When someone turns to drug or alcohol abuse to try to satisfy their spiritual thirst, it usually begins to create problems in their own life and in the lives of others that quickly frustrate and even anger other people. Their sin, their idolatry, their misdirected spiritual thirst makes our own lives more difficult. And so we respond with anger – anger that is usually not primarily generated by the righteousness of God, but by indignation about the difficulties being created for us.

 

And to a lesser extent the same dynamic can be at work by those who embrace entertainment or sloth or some other problem-causing diversion or stimulation for satisfaction.

 

And in such cases, one typical way of responding to misdirected spiritual thirst is anger and frustration.

 

On the other hand, when someone close to us turns to achievement or worldly success in order to satisfy their spiritual thirst … there can sometimes be a whole bunch of immediate benefits to us.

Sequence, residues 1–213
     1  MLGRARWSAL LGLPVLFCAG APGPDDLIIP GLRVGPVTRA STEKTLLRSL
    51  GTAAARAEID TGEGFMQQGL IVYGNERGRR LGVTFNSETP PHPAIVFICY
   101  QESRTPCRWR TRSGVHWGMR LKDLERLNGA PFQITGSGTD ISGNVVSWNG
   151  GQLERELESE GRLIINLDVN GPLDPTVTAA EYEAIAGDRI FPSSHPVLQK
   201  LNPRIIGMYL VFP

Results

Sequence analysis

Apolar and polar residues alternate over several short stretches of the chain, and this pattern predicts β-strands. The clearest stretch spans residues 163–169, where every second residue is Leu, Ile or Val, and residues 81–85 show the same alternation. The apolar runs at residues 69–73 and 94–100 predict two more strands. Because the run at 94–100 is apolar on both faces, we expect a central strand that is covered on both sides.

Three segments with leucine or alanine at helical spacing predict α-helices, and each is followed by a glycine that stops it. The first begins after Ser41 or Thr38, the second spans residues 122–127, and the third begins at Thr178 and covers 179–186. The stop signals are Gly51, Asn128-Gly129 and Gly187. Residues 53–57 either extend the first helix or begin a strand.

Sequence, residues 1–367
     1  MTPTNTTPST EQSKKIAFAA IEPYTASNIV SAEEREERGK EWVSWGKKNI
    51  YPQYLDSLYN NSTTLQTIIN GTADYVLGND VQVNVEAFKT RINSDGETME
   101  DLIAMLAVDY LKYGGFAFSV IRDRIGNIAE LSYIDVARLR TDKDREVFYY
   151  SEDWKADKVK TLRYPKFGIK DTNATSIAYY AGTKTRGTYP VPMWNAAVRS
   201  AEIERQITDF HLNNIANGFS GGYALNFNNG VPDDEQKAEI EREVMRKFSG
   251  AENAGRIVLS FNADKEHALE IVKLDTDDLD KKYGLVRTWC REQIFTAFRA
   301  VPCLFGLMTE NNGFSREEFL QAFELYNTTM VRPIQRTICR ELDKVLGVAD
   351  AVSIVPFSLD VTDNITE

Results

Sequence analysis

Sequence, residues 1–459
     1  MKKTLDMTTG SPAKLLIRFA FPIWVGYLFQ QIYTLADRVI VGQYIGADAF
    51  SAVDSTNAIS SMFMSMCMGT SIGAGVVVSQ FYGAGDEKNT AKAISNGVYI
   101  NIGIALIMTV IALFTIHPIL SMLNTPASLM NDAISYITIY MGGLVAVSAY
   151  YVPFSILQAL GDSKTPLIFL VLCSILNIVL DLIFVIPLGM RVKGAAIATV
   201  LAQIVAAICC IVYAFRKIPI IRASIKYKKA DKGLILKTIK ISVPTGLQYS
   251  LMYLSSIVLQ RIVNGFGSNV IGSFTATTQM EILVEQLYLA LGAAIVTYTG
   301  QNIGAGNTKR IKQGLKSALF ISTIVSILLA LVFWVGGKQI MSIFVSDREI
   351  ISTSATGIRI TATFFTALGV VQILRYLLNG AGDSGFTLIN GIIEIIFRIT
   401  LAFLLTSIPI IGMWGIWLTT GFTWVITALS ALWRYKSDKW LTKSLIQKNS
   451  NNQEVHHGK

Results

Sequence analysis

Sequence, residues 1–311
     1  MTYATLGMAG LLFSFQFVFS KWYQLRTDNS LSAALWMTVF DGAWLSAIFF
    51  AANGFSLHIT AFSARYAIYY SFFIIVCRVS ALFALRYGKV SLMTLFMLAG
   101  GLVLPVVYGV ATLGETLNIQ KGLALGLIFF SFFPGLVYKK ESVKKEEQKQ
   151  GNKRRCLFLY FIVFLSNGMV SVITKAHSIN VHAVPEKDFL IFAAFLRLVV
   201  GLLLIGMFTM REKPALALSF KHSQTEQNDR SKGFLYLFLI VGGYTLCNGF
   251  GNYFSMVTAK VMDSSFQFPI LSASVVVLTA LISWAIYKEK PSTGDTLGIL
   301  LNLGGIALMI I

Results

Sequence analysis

If you have a coworker or an employee who is seeking to satisfy the spiritual thirst of their heart through success in their career, that could be a big help to you. They might make your job easier. Or they might make your department or company more profitable. Their misdirected spiritual thirst can yield material gain for you.

 

In a similar way, the child who is seeking to satisfy the spiritual thirst of their heart through good grades and achievements in school can make a parent quite proud. They reflect well on us before others. They get us the approval of others. We can tell ourselves that we are the grounds of their success … rather than their misdirected spiritual thirst being the basis for their hard work … and so in the end, we respond to their idolatry with approval.